Investors sought safety in US assets as stocks fell throughout the world due to the growing prospect of a recession on Wednesday, holding the dollar's index against key rivals just below a two-decade peak hit two weeks ago.
The dollar index, which compares the value of the dollar to six other currencies, increased by 0.067 percent to 104.54 primarily due to overnight losses in the euro. On June 15, a two-decade high of 105.79 was reached. Despite U.S. 10-year Treasury yields falling by about one percentage point in Tokyo trading, the dollar held steady because investors continued to favour Treasuries due to the deteriorating risk sentiment.
Following overnight losses on Wall Street, Asian stocks fell as concerns about an economic slowdown were fueled by a sharp decline in consumer confidence in the United States at a time when the U.S. Federal Reserve is hurriedly raising interest rates to combat inflation. The European Central Bank (ECB) president Christine Lagarde provided no new information regarding the direction of European interest rates at the ECB's annual symposium on Tuesday, and the euro fell 0.14 percent to USD1.0506 after falling as low as USD 1.5025.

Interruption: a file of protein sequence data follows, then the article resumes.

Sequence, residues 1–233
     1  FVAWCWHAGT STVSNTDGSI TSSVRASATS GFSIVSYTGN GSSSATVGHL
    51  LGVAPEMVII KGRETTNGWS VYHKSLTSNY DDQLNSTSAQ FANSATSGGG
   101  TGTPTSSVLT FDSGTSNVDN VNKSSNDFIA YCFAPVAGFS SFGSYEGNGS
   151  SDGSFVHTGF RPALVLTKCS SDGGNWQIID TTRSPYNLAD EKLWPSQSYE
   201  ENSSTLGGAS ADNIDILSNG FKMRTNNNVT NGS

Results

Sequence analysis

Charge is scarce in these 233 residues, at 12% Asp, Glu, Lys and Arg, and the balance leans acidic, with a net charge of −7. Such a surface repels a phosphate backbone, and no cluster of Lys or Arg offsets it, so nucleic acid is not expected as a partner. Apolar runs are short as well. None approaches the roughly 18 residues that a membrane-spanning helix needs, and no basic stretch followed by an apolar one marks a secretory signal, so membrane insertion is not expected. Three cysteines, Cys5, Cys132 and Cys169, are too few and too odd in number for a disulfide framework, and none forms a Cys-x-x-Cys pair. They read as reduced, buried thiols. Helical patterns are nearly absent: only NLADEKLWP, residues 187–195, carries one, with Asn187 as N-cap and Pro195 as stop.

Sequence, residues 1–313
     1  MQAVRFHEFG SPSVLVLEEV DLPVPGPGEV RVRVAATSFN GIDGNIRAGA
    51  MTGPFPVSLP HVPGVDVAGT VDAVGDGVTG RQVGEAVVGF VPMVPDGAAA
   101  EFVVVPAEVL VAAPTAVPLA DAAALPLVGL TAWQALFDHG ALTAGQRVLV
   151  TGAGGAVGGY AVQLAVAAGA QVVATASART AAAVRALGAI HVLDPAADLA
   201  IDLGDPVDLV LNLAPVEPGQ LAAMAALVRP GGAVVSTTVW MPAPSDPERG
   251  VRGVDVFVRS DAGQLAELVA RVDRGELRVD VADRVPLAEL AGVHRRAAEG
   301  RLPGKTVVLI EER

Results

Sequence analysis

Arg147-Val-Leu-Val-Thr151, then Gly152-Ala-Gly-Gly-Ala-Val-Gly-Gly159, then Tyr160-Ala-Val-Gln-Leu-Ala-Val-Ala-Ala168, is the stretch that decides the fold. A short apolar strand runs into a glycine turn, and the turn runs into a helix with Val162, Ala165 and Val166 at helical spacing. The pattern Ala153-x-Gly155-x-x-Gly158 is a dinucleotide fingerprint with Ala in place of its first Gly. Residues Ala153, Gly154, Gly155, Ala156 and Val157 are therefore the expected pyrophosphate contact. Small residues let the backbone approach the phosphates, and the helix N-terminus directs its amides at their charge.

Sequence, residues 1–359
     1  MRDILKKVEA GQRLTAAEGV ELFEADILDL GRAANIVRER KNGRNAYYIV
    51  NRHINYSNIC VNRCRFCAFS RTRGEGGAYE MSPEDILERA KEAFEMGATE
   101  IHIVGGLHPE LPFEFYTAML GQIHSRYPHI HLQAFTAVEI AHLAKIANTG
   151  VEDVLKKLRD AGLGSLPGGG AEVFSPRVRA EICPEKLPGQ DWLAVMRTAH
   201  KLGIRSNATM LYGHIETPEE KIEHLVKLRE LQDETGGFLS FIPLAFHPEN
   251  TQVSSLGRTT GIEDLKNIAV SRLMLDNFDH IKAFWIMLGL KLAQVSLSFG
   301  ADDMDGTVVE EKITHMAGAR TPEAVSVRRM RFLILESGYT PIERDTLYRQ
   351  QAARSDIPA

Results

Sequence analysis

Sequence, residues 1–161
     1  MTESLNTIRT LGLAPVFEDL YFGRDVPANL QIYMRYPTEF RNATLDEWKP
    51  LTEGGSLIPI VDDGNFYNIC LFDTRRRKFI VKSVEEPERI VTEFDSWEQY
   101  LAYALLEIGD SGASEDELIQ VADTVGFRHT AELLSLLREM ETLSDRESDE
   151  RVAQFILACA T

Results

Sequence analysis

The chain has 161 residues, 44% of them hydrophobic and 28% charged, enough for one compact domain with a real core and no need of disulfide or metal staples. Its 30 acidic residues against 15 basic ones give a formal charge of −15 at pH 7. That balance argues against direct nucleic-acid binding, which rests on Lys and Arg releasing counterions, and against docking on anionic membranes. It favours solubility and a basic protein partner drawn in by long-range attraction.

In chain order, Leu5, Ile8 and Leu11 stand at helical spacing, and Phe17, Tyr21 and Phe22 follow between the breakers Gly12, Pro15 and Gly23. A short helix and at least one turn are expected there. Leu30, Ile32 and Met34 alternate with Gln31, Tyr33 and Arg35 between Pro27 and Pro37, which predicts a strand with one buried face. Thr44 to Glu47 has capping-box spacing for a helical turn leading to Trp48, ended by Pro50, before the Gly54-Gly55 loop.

Although economists are split on the size of any increase, it is largely anticipated that the ECB will follow its global peers and raise interest rates in July for the first time in a decade in an effort to slow down the rate of inflation that is increasing. Later on Wednesday, Lagarde and Fed Chair Jerome Powell will participate in a panel discussion at the forum.